30 American Ghost Towns

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10. ZIP 33786 (Belleair Beach, Florida)
> Vacant homes: 265 (21.2%)
> 5 yr. population change: 2.8%
> Population: 1,671
> Median home value: $569,300

The 33786 ZIP code encompases the Belleair Beach community on Florida’s Gulf coast directly west of Tampa. The area’s 21.2% vacancy rate is due largely to vacation homes and rental properties. In contrast to inner city ZIP codes with high vacancy rates, home values are high in Belleair Beach. Over half of all area homes are worth over half a million dollars, and nearly 90% of empty homes in the area are investment properties, either open to vacationers, long-term renters, or waiting for a new buyer. Vacancy rates in Belleair Beach are likely far lower from January through March, Florida’s peak tourist months.

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9. ZIP 33785 (Indian Rocks Beach, Florida)
> Vacant homes: 1,106 (21.6%)
> 5 yr. population change: -0.3%
> Population: 5,711
> Median home value: $376,000

Just like its neighboring ZIP code to the north in Belleair Beach, the 33785 ZIP code around Indian Rocks Beach and neighboring Indian Shores has a high vacancy rate. More than one in every five area homes are unoccupied. Also like its neighbor to the north, Indian Rocks Beach is located along Florida’s Gulf Coast in the Tampa metro area, and its high vacancy rate is largely attributable to the many vacation homes and rental properties that go through periodic vacancies.

Unlike many economically suffering inner city neighborhoods on this list, vacancy rates likely fluctuate throughout the year in Indian Rocks Beach, falling considerably in peak tourist months.

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8. ZIP 17976 (Shenandoah, Pennsylvania)
> Vacant homes: 701 (22.9%)
> 5 yr. population change: -0.9%
> Population: 6,803
> Median home value: $36,900

Pennsylvania’s 17976 ZIP code comprises the borough of Shenandoah, about 150 miles west of New York City. A poor, economically depressed area, more than one in every three Shenandoah residents live in poverty, and over half of all area homes are worth less than $37,000. One of the area’s over 700 vacant homes is in foreclosure.

A coal mining town in the early 1900s, Shenandoah has long been in decline. When area mines began closing in the middle of last century, the few available jobs were largely in garment manufacturing. The borough’s population peaked at nearly 26,000 in 1910 and stood at just 5,000 a century years later. Though town officials claim people are moving back to the region, the 17976 ZIP code’s population shrank by 0.9% in the last five years, according to the U.S. Census Bureau.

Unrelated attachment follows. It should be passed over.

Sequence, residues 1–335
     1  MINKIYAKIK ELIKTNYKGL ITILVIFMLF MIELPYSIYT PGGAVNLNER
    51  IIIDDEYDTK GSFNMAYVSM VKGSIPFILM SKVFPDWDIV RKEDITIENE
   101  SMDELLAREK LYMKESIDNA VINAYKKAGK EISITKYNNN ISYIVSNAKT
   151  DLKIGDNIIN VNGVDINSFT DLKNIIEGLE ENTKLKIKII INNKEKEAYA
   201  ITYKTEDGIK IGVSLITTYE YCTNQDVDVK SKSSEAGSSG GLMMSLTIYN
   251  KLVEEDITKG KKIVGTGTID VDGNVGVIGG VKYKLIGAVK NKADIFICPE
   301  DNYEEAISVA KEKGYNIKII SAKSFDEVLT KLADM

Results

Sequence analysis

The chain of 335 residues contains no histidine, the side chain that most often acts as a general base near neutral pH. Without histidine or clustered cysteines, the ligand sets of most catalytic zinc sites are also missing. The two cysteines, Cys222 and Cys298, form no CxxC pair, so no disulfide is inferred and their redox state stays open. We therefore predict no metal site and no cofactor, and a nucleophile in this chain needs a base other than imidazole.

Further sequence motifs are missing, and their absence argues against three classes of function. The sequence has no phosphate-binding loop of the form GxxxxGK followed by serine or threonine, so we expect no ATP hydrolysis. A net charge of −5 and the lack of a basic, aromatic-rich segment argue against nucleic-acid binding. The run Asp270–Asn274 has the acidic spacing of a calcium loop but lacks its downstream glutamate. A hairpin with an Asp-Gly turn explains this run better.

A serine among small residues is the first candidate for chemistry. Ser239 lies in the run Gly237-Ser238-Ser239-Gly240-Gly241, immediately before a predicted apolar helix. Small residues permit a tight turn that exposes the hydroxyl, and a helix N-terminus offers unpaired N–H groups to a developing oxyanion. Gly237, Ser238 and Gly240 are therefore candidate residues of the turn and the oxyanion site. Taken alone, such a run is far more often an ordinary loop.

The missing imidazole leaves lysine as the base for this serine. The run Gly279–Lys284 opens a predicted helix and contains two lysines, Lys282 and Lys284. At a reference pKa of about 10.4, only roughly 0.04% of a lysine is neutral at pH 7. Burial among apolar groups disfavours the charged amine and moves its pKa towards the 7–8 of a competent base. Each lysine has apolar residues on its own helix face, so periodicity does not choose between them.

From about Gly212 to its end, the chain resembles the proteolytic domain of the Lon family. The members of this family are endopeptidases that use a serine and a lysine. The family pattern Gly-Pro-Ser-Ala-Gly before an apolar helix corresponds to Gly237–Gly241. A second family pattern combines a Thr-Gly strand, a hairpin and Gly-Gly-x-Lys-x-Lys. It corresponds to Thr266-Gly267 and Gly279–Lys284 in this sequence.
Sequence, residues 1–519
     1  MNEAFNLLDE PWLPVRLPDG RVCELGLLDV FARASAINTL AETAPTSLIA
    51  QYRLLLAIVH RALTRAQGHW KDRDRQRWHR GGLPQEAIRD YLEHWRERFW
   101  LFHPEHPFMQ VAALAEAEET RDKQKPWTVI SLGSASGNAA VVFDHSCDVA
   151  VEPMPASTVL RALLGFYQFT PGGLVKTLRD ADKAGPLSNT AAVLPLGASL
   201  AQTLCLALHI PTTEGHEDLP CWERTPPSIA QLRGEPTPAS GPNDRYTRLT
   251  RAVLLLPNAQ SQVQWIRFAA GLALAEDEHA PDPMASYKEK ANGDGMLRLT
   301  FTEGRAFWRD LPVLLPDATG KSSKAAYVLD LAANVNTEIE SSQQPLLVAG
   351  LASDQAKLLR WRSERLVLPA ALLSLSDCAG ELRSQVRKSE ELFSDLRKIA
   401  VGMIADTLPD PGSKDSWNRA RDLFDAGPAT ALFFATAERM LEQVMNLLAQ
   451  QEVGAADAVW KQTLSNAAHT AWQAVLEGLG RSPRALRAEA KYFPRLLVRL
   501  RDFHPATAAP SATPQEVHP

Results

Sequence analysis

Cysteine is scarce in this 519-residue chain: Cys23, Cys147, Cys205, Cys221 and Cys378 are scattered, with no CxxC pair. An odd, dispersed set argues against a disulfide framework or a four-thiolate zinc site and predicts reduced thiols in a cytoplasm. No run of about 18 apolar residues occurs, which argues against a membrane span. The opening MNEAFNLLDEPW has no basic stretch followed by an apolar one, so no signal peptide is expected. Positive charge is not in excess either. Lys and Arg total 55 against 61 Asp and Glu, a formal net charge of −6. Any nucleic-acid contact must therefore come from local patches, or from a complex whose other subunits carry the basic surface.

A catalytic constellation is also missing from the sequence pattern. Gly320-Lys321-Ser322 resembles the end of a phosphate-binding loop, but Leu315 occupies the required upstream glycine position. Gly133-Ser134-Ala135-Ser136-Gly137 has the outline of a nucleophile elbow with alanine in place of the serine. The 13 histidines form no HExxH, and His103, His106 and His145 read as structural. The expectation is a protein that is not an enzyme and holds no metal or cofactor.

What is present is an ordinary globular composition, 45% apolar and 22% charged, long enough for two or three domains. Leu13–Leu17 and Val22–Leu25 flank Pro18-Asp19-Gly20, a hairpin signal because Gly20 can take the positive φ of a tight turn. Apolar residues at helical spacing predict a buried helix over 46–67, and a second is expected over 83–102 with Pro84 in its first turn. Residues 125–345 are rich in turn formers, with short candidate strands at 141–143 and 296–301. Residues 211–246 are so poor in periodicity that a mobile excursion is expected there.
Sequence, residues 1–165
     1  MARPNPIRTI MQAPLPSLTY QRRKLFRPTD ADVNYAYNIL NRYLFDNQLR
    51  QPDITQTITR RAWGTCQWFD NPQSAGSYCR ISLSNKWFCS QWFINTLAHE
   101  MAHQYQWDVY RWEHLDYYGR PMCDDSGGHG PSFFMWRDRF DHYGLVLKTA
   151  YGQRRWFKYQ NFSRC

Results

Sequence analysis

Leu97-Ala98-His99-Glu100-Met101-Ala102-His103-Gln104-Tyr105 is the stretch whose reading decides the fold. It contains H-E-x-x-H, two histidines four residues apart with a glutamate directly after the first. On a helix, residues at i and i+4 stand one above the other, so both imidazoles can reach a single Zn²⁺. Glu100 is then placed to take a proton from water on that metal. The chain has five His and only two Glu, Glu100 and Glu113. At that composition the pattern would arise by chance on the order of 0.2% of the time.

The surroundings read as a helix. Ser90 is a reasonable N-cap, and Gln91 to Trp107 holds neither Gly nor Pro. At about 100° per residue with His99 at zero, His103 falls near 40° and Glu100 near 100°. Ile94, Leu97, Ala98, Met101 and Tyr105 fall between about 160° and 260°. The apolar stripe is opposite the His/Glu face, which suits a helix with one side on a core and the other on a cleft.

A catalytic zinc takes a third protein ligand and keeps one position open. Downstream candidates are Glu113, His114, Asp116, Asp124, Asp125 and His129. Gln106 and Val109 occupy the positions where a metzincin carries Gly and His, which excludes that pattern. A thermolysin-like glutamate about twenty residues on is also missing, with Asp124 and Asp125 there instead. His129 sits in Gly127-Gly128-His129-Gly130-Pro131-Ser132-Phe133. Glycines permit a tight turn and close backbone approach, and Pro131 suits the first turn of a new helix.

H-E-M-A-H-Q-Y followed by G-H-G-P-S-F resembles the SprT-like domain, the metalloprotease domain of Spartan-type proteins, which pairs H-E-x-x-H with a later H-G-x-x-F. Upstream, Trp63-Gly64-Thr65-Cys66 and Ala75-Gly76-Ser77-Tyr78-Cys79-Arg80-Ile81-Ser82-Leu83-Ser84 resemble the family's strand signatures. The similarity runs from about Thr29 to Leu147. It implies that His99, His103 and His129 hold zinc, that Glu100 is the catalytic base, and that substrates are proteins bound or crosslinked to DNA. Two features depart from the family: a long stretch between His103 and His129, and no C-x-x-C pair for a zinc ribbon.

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7. ZIP 36104 (Montgomery, Alabama)
> Vacant homes: 523 (23.4%)
> 5 yr. population change: -22.7%
> Population: 8,056
> Median home value: $73,700

Northern Montgomery, Alabama, along Gun Island Chute, falls largely within the 36104 ZIP code. Montgomery, the state capital, is poorer than most places. Across the broader metro area, 18.7% of residents live below the poverty line, compared to 15.1% of Americans. Like every other inner city ZIP code on this list, the 36104 area is one of the poorest parts of town, with 45.3% of residents living in poverty. Such poor economic conditions have likely driven many out of the area and reduced property values. In the last five years, the neighborhood’s population shrank by 22.7%. Additionally, the typical area home is worth just $73,700, less than half the median home value nationwide of $184,700.

Population decline and widespread poverty are hallmarks of urban areas that have been hollowed out. In Montgomery’s 36104 ZIP code, 23.4% of households are vacant.

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6. ZIP 44507 (Youngstown, Ohio)
> Vacant homes: 483 (23.7%)
> 5 yr. population change: -15.8%
> Population: 5,046
> Median home value: $20,000

Along with Cincinnati and Dayton, Youngstown is one of three Ohio cities with areas that have among the highest vacancy rates in the country. None, however, has a higher vacancy rate than the 44507 ZIP code in south-central Youngstown. Nearly a quarter of the 2,036 area homes are unoccupied. Of the area’s 483 vacant homes, a far lower than average 65.4% are considered investment properties, meaning they are owned by someone either intending to rent or sell. Many of the remaining vacant homes have likely been abandoned.

One of the poorest neighborhoods in the country, over half of residents in this section of Youngstown live below the poverty line, and the typical area home is worth just $20,000.